Q. My nine-year-old daughter is very fond of her food and I find it difficult to refuse her a second helping at mealtimes.
She’s beginning to look a little chubby so how do I know if her weight is OK and are there particular foods I should include in her lunch box to keep her from feeling hungry?
A. One in four children in Ireland are now overweight which can lead to big problems in later life such as type 2 diabetes and heart disease if not managed.
BMI or body mass index is one way of measuring growth in children based on their weight and height. A “normal” BMI is considered to lie between the 5th and 85th centile on the growth chart.
Diet and exercise play a big role in managing weight in children. It is recommended that children have at least 60 minutes of activity a day.
It is a good idea to limit screen time to less than two hours a day and encourage more active pursuits, incorporating exercise and physical activity as part of their normal daily routine.
Incorporating exercise and activity into family routines can be an ideal way to encourage children to get active and lead by example.
Portion size can also be a problem in maintaining healthy weight for kids. Children do not need as much food as adults and this should be kept in mind when considering serving sizes.
Structured meal times and encouraging kids to eat at the table rather than on the couch or while on the run can also help to develop good eating habits.
Encouraging children to try new varieties of fruit and vegetables early, incorporating fruit, fresh soups and salads as part of school lunches as well as increasing the vegetable content of kids’ dinners are all helpful ways of increasing their intake and ensuring they make their ‘five a day’.
The food pyramid provides a good guide for how much of each food group to include in a child’s diet.
It includes healthy carbohydrates, vegetables, protein and calcium sources as staples, with treats, fats and oils to be kept to a minimum.
Including a small piece of fruit, a matchbox-sized piece of cheese or a yogurt in lunchboxes is a convenient way of ensuring kids are getting adequate calcium and vitamins in their diet.
Plain milk or water are best to drink, limiting fruit juices and fizzy drinks which provide empty calories to a child’s diet and can contribute to tooth decay.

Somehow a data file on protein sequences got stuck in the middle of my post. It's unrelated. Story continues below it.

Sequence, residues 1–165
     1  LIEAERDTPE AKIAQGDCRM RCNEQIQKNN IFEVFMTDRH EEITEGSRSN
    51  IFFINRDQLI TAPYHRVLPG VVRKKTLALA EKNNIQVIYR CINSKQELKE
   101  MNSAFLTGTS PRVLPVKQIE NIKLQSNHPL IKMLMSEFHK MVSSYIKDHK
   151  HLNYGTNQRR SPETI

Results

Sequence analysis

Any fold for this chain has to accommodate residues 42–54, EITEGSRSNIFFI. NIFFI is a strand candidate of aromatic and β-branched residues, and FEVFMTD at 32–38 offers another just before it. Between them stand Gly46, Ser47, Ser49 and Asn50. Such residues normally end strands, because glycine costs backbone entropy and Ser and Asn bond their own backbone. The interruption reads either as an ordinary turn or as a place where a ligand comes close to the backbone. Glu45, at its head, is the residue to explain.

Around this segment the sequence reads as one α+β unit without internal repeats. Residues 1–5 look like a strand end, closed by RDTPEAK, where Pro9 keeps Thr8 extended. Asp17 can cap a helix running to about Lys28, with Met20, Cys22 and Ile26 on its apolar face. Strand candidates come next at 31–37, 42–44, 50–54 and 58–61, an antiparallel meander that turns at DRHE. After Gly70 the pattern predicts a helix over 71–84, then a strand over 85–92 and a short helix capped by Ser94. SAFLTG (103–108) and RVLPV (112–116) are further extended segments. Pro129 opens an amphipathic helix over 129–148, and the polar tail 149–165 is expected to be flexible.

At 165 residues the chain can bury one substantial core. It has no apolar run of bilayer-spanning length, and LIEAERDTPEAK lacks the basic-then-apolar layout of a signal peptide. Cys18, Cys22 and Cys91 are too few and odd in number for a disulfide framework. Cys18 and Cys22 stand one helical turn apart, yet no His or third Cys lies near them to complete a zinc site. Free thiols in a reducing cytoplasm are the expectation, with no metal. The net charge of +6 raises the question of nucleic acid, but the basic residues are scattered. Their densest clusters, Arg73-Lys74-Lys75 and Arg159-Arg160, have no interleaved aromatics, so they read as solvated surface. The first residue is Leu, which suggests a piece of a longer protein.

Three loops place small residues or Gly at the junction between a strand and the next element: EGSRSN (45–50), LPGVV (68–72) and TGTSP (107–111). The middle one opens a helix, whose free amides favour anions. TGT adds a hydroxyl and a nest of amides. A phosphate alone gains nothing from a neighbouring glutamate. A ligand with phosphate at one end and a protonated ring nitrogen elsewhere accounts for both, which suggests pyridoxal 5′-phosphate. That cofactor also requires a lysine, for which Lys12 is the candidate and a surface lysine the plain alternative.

For further advice and guidance about your child’s weight as well as monitoring overall growth and progress, your GP can help you chart your child’s weight and height as well as BMI and can make referrals to a dietician/ paediatrician if this is necessary.
Q. My 10-year-old child is having quite a lot of nosebleeds lately and I am a little concerned if this is a serious problem and how best this should be treated.
He is a very active boy enjoying outdoor sports and it would be great to know what causes them so frequently?
A. As your child has had a number of nosebleeds recently, I would advise that you bring him to your GP, who will examine him and suggest some measures to take and arrange a referral to specialist if appropriate.
Many nosebleeds are from an innocent cause such as:
* Picking the nose
* Blocked stuffy nose
* Inflammation of the nasal passages as a result of a cold or flu
* Blowing the nose very hard
* Hay fever or other allergies.
However, nosebleeds can also indicate a more serious underlying problem and should not be ignored.
Most simple nosebleeds (those with no underlying serious cause) can be treated at home. Make sure your child sits down and leans slightly forward, don’t let him tilt his head back.
With your thumb and index finger, pinch the soft part of the nose firmly (just above the nostril openings but below the bridge of the nose) and hold for at least 10 minutes.
If the bleeding continues longer or there is a significant blood loss, get medical help immediately. Once the bleeding has stopped don’t let your child do anything that might restart it such as blowing his nose.
© Irish Examiner Ltd. All rights reserved